There was quite an astounding story today, regarding former Secretary of State Henry Kissinger, now saying 'victory' in Iraq is no longer possible.
Specifically, during a BBC interview, Kissinger said,
"If you mean by 'military victory' an Iraqi Government that can be established and whose writ runs across the whole country, that gets the civil war under control and sectarian violence under control in a time period that the political processes of the democracies will support, I don't believe that is possible."This comes on a day when more than 111 Iraqis were slaughtered, including at least 22 people who were killed when a suicide bomber, using the promise of work as a lure, blew up the vehicle he had herded the prospective day laborers into. The bodies of 56 murder victims, many of them tortured, were found in 3 Iraqi cities.
That is a page from the chaos that is now post-Saddam Iraq.
Yet, in a Washington Post Op-Ed from August 12, 2005, here is how Kissinger explained how the endgame in Iraq was supposed to play out:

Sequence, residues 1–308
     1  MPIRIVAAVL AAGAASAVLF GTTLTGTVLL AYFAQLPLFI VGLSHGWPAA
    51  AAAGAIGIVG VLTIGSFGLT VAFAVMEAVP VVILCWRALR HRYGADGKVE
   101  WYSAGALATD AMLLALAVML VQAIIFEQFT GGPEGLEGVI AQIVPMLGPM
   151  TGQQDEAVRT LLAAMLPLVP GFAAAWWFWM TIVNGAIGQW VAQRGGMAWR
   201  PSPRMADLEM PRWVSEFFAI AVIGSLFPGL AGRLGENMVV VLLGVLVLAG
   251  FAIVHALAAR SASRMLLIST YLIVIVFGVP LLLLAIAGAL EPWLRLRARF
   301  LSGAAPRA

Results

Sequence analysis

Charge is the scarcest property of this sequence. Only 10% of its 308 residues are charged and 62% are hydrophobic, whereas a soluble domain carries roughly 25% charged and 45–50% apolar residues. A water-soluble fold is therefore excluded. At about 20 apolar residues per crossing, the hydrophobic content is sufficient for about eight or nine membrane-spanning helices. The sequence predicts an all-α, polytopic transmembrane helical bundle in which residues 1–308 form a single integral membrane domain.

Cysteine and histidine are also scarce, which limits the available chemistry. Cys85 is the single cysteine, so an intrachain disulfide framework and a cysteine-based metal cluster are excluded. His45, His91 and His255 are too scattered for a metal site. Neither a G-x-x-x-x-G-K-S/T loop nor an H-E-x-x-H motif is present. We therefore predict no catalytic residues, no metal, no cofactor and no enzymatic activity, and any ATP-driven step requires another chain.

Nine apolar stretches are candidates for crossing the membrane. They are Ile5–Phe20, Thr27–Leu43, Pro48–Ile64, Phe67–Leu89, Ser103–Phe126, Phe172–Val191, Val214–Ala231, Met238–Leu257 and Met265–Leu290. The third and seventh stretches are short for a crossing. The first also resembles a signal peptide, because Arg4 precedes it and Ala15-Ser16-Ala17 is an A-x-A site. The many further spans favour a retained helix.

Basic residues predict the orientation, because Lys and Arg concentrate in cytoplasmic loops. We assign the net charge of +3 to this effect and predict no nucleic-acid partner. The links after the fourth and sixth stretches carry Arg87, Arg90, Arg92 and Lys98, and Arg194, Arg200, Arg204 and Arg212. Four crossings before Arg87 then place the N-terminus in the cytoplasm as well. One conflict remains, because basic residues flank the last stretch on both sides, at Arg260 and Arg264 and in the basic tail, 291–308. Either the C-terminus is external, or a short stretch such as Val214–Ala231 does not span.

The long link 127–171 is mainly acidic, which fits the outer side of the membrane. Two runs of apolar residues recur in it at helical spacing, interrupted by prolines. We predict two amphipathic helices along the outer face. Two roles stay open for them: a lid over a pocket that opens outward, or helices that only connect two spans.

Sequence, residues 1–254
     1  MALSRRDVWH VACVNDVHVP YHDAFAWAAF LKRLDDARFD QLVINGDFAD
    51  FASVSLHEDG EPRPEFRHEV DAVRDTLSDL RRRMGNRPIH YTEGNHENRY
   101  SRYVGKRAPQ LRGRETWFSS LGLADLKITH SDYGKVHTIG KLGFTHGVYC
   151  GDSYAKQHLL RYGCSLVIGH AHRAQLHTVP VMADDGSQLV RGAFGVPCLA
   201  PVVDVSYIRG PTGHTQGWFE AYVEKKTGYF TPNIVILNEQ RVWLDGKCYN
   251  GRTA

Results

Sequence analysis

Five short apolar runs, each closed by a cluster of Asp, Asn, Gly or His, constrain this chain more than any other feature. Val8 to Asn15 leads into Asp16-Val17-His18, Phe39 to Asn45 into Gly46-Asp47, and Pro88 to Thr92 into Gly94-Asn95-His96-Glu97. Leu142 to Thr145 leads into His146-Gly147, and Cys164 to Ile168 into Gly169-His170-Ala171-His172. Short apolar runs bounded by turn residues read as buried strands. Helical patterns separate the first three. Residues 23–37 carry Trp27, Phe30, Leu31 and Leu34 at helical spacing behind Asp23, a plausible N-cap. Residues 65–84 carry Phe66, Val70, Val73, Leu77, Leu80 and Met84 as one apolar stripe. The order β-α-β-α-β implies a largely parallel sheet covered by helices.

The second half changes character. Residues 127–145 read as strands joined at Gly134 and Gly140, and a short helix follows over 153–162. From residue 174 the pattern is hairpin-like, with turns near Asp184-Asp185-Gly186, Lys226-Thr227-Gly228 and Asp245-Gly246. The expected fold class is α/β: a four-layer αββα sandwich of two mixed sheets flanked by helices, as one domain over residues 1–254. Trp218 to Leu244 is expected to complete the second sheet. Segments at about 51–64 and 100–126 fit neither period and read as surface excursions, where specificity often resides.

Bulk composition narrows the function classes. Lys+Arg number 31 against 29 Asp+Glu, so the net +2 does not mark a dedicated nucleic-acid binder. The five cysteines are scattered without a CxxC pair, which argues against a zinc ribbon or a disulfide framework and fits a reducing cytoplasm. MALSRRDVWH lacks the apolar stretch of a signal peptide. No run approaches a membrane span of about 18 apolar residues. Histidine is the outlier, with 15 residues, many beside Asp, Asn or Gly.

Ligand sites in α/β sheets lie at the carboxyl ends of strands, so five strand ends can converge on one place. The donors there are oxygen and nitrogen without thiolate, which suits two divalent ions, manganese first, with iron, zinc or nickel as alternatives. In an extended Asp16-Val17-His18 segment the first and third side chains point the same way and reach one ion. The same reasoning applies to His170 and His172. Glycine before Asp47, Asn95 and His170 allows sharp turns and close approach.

"American strategy, including a withdrawal process, will stand or fall not on whether it maintains the existing security situation but on whether the capacity to improve it is enhanced. Victory over the insurgency is the only meaningful exit strategy."State of Denial
Bob Woodward's book, "State of Denial," which was published last month, further detailed the major influence Kissinger, and his 'victory' strategy, had on the Bush White House.
In an appearance to promote the book on "60 Minutes," Woodward noted,
"This is so fascinating. Kissinger’s fighting the Vietnam War again. Because in his view the problem in Vietnam was we lost our will. That we didn’t stick to it."How ironic that Kissinger's epiphany occurred while Bush was in Vietnam, the country he and his policy hawks very successfully avoided active duty in when we were at war there.
Kissinger apparently thinks that the idea of an Iraqi Democracy may not be attainable after all, saying "It [was] a mistake to think that you can gain legitimacy primarily through the electoral process."
What does Kissinger see as the future reality in Iraq? A "confederal state," consisting of 3 Iraqi regions. The Sunnis, Shiites and Kurds would rule themselves "with substantial autonomy."
So what are we to make of this sudden realization that maybe our incursion into Iraq is not winnable, in its current incarnation, after all?
Will it lead to BushCo finally acknowledging the truth for himself?
Or will he continue the status quo, while the body bags pile up and Halliburton continues to rake in the profits?